I’ve written about Philadelphia’s tree-named streets for this blog and have seen tree-named streets in Berkeley, but it was a recent Times article that sparked this post. The Times reporter, in walking Flushing, NY, found several streets named for trees: Ash, Beech, Cherry, and Holly. He writes,
The streets’ names, like the stately trees that shade them, are reminders of a horticultural tradition thought to go back to French Huguenots who came to Flushing around the same time as the Quakers, also seeking religious freedom. Lewis and Clark sent plant specimens to the commercial nursery founded here by Robert Prince in 1737.
I did not learn of a similar horticultural tradition in Berkeley, but the Quick Index to the Origin of Berkeley’s Names published by the Berkeley Historical Society provided some information about streets like Pine Avenue in the Elmwood. It was named for the pine tree. As was
Acacia, Bay Tree Lane, Cherry Street, Cypress Street, Elmwood Ave and Court, Eucalyptus Path and Road, Hawthorne Steps and Terrace, Laurel Street, Linden Avenue, Magnolia Street, Oak Path, Street, and Street Path, Oak Knoll Path and Terrace, Palm Court, Poplar Path and Street, Redwood Terrace, Thousand Oaks Blvd, Walnut Street, Willow Trail, Walk, and Path, and Spruce Street.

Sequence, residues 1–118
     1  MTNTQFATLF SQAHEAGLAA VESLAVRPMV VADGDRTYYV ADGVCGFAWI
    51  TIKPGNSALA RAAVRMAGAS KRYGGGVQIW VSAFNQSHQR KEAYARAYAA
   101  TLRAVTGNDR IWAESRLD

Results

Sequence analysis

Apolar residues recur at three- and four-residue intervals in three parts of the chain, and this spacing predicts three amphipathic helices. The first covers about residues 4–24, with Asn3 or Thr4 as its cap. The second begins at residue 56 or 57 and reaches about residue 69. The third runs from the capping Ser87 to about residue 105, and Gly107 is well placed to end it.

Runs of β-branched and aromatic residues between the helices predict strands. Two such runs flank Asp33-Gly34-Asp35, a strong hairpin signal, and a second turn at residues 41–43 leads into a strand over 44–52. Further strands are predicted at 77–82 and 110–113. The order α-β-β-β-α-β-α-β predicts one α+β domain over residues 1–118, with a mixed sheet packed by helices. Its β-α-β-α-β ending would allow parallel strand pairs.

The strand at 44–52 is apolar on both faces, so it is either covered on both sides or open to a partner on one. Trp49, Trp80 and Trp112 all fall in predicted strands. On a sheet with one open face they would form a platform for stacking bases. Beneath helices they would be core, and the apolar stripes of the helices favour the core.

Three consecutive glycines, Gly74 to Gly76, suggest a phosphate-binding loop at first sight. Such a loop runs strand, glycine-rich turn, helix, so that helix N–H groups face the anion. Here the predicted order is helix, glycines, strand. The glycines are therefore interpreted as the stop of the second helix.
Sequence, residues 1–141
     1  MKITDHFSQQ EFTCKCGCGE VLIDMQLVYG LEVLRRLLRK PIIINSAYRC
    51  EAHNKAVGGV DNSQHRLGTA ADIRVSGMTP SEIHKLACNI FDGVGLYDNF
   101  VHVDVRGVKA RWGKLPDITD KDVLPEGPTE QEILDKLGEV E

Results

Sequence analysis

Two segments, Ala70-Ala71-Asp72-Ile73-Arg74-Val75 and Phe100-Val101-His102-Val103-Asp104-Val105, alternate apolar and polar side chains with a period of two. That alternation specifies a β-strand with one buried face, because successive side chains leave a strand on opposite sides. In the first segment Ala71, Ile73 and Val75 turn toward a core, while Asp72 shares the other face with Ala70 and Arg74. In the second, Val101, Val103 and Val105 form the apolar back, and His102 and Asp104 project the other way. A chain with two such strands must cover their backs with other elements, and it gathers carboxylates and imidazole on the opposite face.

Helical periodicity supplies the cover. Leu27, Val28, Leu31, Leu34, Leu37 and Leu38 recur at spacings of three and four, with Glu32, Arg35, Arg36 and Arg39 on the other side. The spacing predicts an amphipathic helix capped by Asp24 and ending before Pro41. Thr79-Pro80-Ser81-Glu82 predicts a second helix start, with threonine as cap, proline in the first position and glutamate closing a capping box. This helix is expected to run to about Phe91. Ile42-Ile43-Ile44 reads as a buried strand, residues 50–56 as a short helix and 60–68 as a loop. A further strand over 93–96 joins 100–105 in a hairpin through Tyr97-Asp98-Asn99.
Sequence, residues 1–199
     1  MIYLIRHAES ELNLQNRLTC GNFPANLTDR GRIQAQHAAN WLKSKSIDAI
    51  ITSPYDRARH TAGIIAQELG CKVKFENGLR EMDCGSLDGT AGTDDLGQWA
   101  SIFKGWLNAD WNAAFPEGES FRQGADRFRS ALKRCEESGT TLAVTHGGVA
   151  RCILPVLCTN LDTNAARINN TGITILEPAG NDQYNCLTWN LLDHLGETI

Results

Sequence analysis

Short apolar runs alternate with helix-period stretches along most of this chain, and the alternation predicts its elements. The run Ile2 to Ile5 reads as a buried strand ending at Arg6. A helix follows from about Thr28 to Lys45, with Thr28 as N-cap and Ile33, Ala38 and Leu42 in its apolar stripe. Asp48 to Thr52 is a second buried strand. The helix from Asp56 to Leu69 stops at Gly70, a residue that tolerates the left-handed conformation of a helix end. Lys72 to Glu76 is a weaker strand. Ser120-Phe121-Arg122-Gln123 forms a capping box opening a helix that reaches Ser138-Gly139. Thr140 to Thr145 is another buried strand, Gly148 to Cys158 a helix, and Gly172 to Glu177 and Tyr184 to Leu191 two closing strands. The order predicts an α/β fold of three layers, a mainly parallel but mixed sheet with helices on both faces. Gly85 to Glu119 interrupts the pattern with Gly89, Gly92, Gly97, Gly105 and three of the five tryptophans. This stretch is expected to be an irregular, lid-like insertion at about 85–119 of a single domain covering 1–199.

Pine Avenue is surrounded by other tree-named streets.
Cedar Street was a case of mistaken identity; a cypress was mistaken for a cedar. Encina Place is named after the Spanish word for live oak; Roble Road was named after the Spanish word for oak. Ensenada Avenue, it follows, was named for the “place of many oaks.” Nogales Street, another Spanish derivative, was named because it was the “place where walnuts grow.” Live Oak Park was named for the “multitude of oak trees there.” Oak Knoll Terrace was named for a “particular oak tree” and Pepper Tree Lane was named for the pepper trees that used to line the road.
Fresno is the Spanish word for ash tree, so Fresno Avenue is named for the ash. The Latin term for the genus to which ash species belong is Fraxinus. Although maligned for is shallow root system that lifts sidewalk panels, Arthur Plotnick (in The Urban Tree Book) notes that the ash tree is sacred in Norse mythology - “honey rained and beer flowed” from the ash, also known as the “Tree of Life.”